The mercury is rising and my mind has been distracted with thoughts of toothy critters. This has to be one of my favorite times to fish, prespawn pike season, the ice has melted and the fish start moving into the shallows to find a spot to reproduce. At this time pike are hungry from the long winter chill and are looking to feed before the spawn, the closer it gets, the more aggressive they tend to be. This is a updated version of a zonker pattern I’ve been tying for the past 2 seasons and have had tremendous luck with, really simple and fun to tie. I’m not sure I can take full credit but I’ve never seen another pattern done exactly this way, because of the simplicity it wouldn’t surprised me if someone has tied this bug up before but until proven differently I don’t mind calling it my own.
Pike Zonker Recipe
- Hook: Umpqua U502 2/0 or Umpqua Tiemco 600SP 2/0
- Thread: Veevus G.S.P. 150D white (ideally) or 3/0 dark thread
- Tail: Flashabou and Magnum Rabbit Strips
- Body: Polar Chenille
- Hackles: Grizzly Bugger Pack Hackles
- Head: Bucktail, Dark for top, light for bottom
- Eyes: Hareline 3/8 in 3-D Big Fish Eyes or Clear Goo 8mm eyes
- Head: Loon UV Clear Fly Fishing Thick
- Special Tools: Loon UV Light, dark colored Sharpe if you’re using white thread
Step 1: Wrap your thread around the shank of the hook, wrap down to where the shank starts to bend and back to the eye a few times to build up a nice base ending at the back of the hook.
Step 2: Next grab the flashabou and measure out 3 hook shank lengths, tie it in tightly at this point. Fold the flashabou over the thread and make a few tight wraps around the fold. Cut the longer pieces of flashabou evenly.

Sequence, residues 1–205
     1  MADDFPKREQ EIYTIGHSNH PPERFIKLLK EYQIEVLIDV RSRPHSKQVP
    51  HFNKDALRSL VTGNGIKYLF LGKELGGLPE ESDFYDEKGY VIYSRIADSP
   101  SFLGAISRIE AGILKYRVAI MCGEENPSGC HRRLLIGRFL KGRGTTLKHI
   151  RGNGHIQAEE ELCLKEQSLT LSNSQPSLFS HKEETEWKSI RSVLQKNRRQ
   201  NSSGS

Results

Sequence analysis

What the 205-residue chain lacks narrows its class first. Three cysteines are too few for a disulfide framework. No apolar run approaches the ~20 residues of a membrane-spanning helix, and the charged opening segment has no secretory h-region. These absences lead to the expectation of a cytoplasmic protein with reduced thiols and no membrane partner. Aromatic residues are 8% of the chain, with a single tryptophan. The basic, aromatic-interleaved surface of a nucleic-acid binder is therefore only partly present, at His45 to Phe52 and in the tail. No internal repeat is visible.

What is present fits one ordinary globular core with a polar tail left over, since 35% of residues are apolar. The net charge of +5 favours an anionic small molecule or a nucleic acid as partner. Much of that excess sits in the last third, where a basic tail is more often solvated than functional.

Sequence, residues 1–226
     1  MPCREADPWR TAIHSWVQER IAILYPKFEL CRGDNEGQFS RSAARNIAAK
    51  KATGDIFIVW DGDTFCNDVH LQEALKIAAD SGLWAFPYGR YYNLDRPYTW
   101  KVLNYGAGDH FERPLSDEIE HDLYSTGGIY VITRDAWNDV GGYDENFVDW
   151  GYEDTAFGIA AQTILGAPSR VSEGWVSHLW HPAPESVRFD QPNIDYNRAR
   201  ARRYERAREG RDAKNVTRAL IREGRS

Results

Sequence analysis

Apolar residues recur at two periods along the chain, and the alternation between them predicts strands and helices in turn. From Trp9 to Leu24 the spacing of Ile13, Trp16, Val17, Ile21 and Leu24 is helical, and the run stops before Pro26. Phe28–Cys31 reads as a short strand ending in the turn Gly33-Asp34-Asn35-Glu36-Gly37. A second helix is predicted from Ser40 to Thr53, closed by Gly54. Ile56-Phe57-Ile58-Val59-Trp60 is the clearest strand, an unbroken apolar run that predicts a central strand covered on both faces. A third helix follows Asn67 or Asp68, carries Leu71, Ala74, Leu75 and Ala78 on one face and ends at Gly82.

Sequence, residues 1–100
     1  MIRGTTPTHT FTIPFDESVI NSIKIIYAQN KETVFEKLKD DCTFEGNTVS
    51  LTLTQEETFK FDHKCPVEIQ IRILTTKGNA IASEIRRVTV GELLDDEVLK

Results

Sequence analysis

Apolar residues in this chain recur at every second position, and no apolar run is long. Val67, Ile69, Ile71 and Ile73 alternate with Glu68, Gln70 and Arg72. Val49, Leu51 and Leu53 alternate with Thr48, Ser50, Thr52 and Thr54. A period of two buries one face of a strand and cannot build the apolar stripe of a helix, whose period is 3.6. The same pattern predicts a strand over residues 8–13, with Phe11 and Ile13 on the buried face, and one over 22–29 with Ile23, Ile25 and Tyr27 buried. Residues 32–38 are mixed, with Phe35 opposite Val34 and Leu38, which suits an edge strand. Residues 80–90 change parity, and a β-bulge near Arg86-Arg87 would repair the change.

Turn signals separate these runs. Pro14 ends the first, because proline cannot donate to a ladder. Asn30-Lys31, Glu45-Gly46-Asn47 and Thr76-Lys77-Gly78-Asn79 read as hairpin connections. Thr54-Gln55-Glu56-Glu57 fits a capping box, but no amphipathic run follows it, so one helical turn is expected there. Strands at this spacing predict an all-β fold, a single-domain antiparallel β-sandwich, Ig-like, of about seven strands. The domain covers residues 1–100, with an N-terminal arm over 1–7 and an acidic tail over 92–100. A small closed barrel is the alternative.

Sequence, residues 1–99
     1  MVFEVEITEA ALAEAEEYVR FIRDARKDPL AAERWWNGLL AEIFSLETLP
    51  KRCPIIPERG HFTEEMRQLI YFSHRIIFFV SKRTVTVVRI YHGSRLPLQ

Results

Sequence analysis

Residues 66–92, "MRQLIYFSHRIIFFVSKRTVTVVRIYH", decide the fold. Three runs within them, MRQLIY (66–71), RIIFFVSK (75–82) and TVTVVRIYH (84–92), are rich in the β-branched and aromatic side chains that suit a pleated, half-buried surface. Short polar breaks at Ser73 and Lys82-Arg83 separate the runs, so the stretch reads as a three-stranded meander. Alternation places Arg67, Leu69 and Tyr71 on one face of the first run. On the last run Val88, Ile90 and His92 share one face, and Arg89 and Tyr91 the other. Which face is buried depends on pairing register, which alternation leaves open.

Step 3: Tie in the UV polar chenille
Step 4: Take your rabbit strip, using the hook shank measure out 2 1/2 shank lengths worth of rabbit strip and split the fur, water or saliva tends to help keep the fur separated. Tie it in tightly at this point making sure the fur flows naturally towards the back. Once tied in pull the remainder of the rabbit strip back getting it out of the way for later. Now work the tread ¾ of the way up the shank of the hook.
Step 6: Pick out 4 hackles (2 for each side) from your bugger pack, from your thread measure two of them evenly to the tips of the flashabou down the side of the fly and tie them in at this point. Repeat this process for the other side of the fly. If the feathers move, just maneuver them into place once you’ve got a few wraps around them. Once secured cut the stems free.
Step 7: Now fold over the remaining rabbit strip over the chenille, split the fur and tie it in towards the back of the thread. Once tied in tightly cut of the remaining strip.
Step 8: Grab your light colored bucktail and snip off a pinch of hair, grab the tips of the fiber and flick or pull out the underhair from the clump. Separate the bucktail as evenly as possible between the bend of the hook and tie it in on the bottom of the fly firmly but not so tight the hair starts to flare too much.
Step 10: Next, color your thread with the sharpe unless you used dark thread, place your fish eyes in place and apply a small amount of UV finish around the eyes and thread. Hit it with the UV light for half a minute. Repeat this process until you’ve built up an epoxy head around the eyes securing them, once secured hit the epoxy with the light until hard.
Step 11: Once the epoxy is dryish I like to add a thin layer of head cement around it to get rid of the tackiness, try to avoid getting it on the eyes because the cement may create a hazy residue.
The example I tied for this tutorial is my perch imitation but I’ve tied them in a multitude of colors to imitate bass, carp, crappie and trout depending on where I’m fishing. Try it out, change up the colors and see what works best for the waters near you.
Stay tuned for more fly patterns from the Fishwest staff, if you have any questions or patterns you’d like to request feel free to contact us at firstname.lastname@example.org